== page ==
At sunset we had reached Kom Ombo where we were to have an excursion ashore to a temple dedicated to Sekora - the crocodile god. Now most of the light was gone, so it became difficult not to take pictures without the flash, but since no one complained we could turn the flash on. We had the usual round of Ali explaining the story behind the temple and we took pictures. After the tour, we stopped by a museum attached to the temple. Here they had many embalmed crocodiles, some quite large. Then I went back to the boat, while the others ended with a visit to a coffee shop.
Kom Ombo Temple is an unusual double temple built during the rule of the Ptolemy dynasty in the Egyptian city of Kom Ombo. Some extensions were made in the Roman period. The building is unique due to its 'double' design which meant that there were courtrooms, halls, holy places and other rooms duplicated for two sets of gods. The southern half of the temple was dedicated to the crocodile god Sobek, the fertility god and creator of the world along with Hathor and Khonsu. Meanwhile, the northern part of the temple was dedicated to the falcon god Haroeris, also known as Horus the Elder, along with "Tasenetnofret (sister of God, a special form of Hathor) and Panebtawy (Ruler of the two lands)". The temple is atypical because it has a perfect symmetry along the main axis.
The temple was begun by Ptolemy VI (180-145 BC) at the beginning of his reign and expanded by other Ptolemies, most notably by Ptolemy XIII (47-44 BC), who built the inner and outer halls with roofs supported by pillars. The scene that appears on the surface of the back wall is particularly interesting, and "is probably a set of surgical instruments."
Much of the temple has been destroyed by the Nile, earthquakes, and later by builders who used stones from it for other projects. Some of the reliefs on the inside had their faces removed by the Copts, who once used the temple as a church. All the temple buildings on the south side of the plateau were cleared and restored by De Morgan in 1893.
A few of the 300 crocodile mummies found nearby are on display inside the temple museum.
After everyone had boarded the boat again and we had started the journey further up the Nile, it was time for Cocktail party in the bar with free drinks (though limited number). We met the whole group and had a drink. Eventually the music got quite loud, so we chose to go down for dinner when the dining room opened. Then we had finished our drinks and there were no more left. The food was Egyptian food this evening, so we tried a little of each. And there was absolutely nothing to complain about the food. After dinner we went back to the bar. It was now an Egyptian-style party where guests could dress up if they wished. However, there was not much enthusiasm among our group for such a thing. Several of us finally got our first real medicine in Egypt this evening. However, after first clarifying that the price was 100 Egyptian pounds. The music system went too full and really over what it was built for, so it was not very comfortable to sit at the bar. Some other guests, however, had fun and danced and sang. After drinking our drinks, we retired to our cabins. But the cabins were right under the bar, so we could almost as well have stayed at the bar ... And the trampling of the dance was almost like we were waiting for someone to go through the floor. But we eventually fell asleep.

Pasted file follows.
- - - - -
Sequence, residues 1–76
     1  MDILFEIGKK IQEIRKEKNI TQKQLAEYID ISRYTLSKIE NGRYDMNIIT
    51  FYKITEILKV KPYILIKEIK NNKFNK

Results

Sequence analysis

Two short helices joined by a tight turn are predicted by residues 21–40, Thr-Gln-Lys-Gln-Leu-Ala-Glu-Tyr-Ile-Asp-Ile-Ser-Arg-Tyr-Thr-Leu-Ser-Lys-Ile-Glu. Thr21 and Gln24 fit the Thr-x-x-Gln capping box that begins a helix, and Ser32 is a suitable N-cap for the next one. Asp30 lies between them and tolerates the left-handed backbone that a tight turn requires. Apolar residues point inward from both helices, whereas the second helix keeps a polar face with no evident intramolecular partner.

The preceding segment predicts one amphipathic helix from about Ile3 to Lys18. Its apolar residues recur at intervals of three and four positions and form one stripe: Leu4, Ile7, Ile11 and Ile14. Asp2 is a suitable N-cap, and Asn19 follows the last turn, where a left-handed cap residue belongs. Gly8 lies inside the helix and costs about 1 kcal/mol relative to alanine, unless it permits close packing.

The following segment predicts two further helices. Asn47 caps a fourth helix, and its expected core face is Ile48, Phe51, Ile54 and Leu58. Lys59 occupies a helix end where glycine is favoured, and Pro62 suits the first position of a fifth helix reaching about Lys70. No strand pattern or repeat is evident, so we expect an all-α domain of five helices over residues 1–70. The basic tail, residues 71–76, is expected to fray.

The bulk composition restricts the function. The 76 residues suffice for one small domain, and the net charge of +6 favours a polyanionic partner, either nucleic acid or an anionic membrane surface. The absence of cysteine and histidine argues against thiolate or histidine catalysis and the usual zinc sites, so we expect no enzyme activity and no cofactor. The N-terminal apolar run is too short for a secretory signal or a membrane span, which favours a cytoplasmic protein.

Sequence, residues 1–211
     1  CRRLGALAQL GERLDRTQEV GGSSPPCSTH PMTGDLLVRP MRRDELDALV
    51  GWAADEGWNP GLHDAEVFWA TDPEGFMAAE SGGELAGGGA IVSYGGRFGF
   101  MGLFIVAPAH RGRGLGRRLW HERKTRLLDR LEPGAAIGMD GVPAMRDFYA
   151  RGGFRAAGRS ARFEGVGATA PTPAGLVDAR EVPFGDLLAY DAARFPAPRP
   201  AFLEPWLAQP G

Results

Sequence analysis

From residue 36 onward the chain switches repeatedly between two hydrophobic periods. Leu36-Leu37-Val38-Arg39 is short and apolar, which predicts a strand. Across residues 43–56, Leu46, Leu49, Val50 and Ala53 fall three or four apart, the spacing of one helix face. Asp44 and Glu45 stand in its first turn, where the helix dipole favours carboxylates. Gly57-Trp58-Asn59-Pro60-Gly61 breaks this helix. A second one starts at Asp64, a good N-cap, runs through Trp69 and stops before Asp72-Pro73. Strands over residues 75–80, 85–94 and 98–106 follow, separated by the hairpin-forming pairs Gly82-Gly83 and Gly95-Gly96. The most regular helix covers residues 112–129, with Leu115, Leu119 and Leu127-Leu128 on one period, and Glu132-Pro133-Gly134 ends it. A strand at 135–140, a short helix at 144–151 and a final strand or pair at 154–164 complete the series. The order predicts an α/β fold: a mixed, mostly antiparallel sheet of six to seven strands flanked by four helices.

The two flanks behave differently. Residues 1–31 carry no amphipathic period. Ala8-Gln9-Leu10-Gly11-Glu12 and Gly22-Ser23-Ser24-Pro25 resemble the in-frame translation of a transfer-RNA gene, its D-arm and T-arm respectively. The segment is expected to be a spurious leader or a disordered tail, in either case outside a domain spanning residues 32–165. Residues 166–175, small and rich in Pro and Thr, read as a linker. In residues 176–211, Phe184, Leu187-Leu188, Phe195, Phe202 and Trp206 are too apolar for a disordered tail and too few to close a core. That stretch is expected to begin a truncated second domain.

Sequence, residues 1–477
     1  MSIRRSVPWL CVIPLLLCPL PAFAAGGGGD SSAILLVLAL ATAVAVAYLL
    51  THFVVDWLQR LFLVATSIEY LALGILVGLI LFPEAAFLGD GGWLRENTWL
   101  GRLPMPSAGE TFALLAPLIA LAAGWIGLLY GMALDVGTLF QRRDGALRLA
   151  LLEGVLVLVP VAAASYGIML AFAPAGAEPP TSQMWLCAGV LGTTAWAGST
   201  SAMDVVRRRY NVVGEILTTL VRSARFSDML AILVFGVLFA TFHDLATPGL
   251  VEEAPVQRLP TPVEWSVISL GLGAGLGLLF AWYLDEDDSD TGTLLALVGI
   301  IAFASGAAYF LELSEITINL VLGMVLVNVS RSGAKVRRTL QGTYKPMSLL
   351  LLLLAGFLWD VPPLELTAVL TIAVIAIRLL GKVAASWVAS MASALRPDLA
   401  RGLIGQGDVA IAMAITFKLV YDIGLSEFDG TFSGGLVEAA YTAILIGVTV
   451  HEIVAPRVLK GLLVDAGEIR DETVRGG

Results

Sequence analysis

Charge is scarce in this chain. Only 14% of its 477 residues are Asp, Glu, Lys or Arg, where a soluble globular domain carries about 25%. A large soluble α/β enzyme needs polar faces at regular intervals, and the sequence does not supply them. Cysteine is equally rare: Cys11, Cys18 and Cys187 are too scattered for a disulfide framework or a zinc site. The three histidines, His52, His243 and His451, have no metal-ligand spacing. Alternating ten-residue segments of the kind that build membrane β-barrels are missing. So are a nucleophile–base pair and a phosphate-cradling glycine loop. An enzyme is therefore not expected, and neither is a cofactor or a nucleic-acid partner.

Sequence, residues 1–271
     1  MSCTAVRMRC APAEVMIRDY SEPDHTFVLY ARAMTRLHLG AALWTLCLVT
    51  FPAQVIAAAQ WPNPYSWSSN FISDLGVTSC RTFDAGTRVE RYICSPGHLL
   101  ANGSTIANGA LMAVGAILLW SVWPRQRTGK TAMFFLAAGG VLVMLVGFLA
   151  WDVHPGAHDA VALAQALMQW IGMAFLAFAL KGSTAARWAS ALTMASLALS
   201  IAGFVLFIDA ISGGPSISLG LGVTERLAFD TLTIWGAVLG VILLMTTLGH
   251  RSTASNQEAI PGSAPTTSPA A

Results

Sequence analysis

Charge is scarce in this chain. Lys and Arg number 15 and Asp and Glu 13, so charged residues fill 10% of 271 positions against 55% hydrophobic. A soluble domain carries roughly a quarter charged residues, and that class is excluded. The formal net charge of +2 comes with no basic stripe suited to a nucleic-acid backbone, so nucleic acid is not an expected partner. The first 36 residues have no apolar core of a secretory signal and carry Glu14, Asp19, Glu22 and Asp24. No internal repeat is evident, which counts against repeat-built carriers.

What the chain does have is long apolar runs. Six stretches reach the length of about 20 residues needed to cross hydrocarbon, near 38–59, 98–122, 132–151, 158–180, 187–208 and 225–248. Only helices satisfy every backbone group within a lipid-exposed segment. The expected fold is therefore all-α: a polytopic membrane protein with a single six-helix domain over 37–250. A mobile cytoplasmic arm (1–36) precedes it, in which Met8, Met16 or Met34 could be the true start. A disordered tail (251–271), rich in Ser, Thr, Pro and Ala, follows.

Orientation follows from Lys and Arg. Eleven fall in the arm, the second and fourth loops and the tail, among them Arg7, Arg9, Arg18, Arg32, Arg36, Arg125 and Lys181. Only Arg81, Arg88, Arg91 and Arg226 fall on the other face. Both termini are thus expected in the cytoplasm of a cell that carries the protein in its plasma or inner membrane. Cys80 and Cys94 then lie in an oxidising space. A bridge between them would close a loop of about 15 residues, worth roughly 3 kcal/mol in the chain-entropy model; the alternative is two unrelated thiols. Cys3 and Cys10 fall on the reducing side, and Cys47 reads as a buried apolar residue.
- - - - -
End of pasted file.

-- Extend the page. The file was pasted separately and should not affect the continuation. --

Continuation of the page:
Day 6 - Friday October 25. 2019
Cruise on the Nile with Idfu
Even this morning we were woken up early, but not before 04:53, ie 05:00 ... I did my usual morning care, though without a shower. Then I met the others in the group and we got off the boat to look at the Temple of Horus in Idfu where the boat was now at the quay. To get to the temple we were transported by horse and cart. With my bad back, this were no highligth. On the contrary.
The Temple of Idfu (Edfu) is a temple ruin from ancient Egypt that was dedicated to the falcon god Horus and is located on the west bank of the Nile in the city of Idfu. In Greco-Roman times this city was known as Apollonopolis Magna after Horus who corresponded to the god Apollo. The complex is one of the best preserved temples in Egypt, and was built in the Ptolemaic period, sometime between 237 and 57 BC. The inscriptions on the walls of the temple have provided important information about the language, myths and religion of the Greco-Roman period in ancient Egypt. In particular, the temple's building texts have "provided details about its construction, and also preserved information about the mythical interpretations of this and all other temples such as the Island of Creation." There are also "important scenes and inscriptions of the Holy Drama associated with the ancient conflict between Horus and Seth."
The temple at Idfu is virtually intact and a very good example of the ancient Egyptian temple. The archaeological significance of the temple and the fact that it is relatively well preserved has made it a tourist destination in Egypt. The many pleasure boats with tourists that go up and down the Nile often stop here. In 2005, the temple received an addition in the form of a visitor center and a parking lot. In 2006, a sophisticated lighting system was opened to attract visitors in the evening to light shows at the temple.